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'Carols not barrels' performed inside and outside Shell-sponsored institutions, 1.12.13



(The front of the day's leaflet)

Having rewritten several time-honoured carols with newfound corporate and climatic material, Shell Out Sounds (SOS) chose Sunday December 1st as a good day to visit some of the (too) many Shell-sponsored cultural institutions in wintry London town to sing them. They began in the Science Museum's Shell-sponsored Atmosphere exhibition, where it was hard to tell if the visitors thought the performance was just another element of the aurally and visually over-stuffed space. Apparently, in visioning Atmosphere, Museum boss Chris Rapley wanted to avoid '"polarised and shrill" commentary', which is presumably why he went with Shell, whose polar (drilling) ambitions are clear to all. Fellow sponsor Bank of America, great friend of King Coal, also falls into the Rapley's "calm and considered" category.

(SOS points to the past at the Science Museum)

With any luck our rendition of 'O Come All Ye Hateful', (aimed at the corporations themselves, not their employees, we were keen to point out), fell firmly into the polar-friendly and far-from-shrill category:

'Angel of destruction

Loveless corporation

Lo how the earth doth suffer where you tread

Shell's wells are spilling

Quotas need fulfilling

The temperature is rising

But still we're petrol guzzling

So next it's Arctic drilling

We're heading toward'


Stopping briefly to point to the ghost of logos past, we left the Museum and headed directly to the Victoria & Albert Museum, where we cheered passers-by with another carol - was it 'Hark, As Greenwash Loudly Sings'? in front of the poster advertising the Shell-sponsored Pearls exhibition:

'Hark, as greenwash loudly sings

Paying for such wondrous things

Concerts of great music stars

Artists from both near and far

See the paintings, sculptures too

Workshops for the kids and you

Take home lots of tales to tell

Brought to you by harmless Shell

Hark, as greenwash loudly sings

Glossing over awful things'


Sadly short of time, we had to pass on cheering visitors to the National Gallery (sponsored by Shell, Anglo American, ExxonMobil & RioTinto) with one of our merry interventions, we headed straight for the South Bank, where we were set to join many more singers for a post-corporate carolling finale. There, about 40 of us took the stage in the Royal Festival Hall's Clore Ballroom and went through our entire repertoire, now joined by a wonderful accordion player.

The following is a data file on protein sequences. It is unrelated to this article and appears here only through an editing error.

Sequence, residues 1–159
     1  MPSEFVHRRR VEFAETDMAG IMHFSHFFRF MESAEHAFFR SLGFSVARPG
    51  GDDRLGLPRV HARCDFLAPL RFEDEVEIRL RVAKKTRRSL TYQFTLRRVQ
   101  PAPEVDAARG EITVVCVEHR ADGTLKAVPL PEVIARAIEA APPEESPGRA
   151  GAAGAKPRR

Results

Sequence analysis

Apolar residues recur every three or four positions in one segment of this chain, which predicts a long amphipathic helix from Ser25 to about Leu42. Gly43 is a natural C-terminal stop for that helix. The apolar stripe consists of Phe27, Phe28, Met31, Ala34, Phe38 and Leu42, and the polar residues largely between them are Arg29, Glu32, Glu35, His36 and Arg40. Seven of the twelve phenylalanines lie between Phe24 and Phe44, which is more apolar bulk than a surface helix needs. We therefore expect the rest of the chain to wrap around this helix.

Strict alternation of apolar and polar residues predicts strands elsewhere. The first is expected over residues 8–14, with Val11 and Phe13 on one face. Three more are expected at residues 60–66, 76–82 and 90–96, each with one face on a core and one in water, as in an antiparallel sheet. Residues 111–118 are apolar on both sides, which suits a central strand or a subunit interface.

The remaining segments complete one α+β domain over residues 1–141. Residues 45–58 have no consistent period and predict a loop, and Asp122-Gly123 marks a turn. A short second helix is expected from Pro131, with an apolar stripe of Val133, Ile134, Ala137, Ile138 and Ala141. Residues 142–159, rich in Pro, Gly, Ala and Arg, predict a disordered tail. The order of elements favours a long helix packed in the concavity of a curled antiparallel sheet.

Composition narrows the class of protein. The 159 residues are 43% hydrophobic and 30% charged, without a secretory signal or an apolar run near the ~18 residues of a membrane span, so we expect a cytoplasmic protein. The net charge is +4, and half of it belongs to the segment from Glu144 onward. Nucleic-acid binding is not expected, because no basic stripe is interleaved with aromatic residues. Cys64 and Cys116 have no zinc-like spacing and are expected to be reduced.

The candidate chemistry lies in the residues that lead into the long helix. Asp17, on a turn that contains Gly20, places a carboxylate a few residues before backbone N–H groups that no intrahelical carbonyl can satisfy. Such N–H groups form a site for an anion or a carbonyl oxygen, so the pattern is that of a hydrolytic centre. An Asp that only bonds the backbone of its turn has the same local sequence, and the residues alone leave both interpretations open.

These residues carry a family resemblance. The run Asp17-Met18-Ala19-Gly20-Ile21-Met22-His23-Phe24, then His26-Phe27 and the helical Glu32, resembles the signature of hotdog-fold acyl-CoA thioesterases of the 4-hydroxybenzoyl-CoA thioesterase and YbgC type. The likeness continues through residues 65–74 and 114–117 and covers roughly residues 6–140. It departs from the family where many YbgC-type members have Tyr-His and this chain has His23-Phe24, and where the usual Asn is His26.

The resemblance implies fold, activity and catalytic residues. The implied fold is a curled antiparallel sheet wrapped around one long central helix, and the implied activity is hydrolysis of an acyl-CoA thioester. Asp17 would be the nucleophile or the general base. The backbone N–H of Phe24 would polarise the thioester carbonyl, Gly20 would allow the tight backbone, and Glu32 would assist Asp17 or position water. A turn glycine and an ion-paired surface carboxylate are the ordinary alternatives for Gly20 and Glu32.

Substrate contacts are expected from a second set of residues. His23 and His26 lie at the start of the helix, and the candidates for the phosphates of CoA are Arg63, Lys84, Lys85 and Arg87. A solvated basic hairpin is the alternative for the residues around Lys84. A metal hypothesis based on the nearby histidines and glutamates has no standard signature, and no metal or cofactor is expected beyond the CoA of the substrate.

(Naughty and uplifting: uninvited carol singers in the Royal Festival Hall, 1.12.13)

Dedicating our performance to the Arctic 30, we told their story in a rewritten 'I Saw Three Ships', (renamed 'I Saw A Ship' ), as well as 'Rudolph the Branded Reindeer' ('had a very shiny nose/Shinier than his hooter/Were his shiny Shell logos'). Also popular was our rewrite of 'God Rest Ye Merry Gentlemen':

'Shell and others have a scheme for turning oil to gold

They fasten on the people's need for keeping out the cold

The energy makes fortunes at the prices it is sold

For the rich there is comfort and joy, (comfort and joy)

But there's little left for those that they employ'.


Then we headed outside for a bit of a joyous reprise, where hats were tossed, mince pies passed around and several passers-by threw caution to the wind and joined our Shell-free throng, (which is not easy to say after two glasses of mulled wine.)

(Outside, passers-by joined us and minced pies made the rounds)

This verse from 'O Come All Ye Hateful' fit the afternoon well:

'Yea, we beseech thee,

South Bank hear our heart's plea

Let not this creeping demon foul these halls

Art is our saviour

Shell the devil's manager

No blood and oil-drenched money

Lat art be oil and guilt-free

And kick Shell out the door please

Members of the Board'

(After this, the choir was informed that the Chair of the Board of Southbank Centre Governors, Rick Haythornthwaite, spent 17 years at BP and is now Chair of energy giant Centrica, and Board member Susan Gilchrist is Group Chief Executive of Brunswick Group, a large and influential PR company which has handled some of Shell's toughest PR challenges.)

As the songsheet said:

'Let our voices be heard on cultural sponsorship'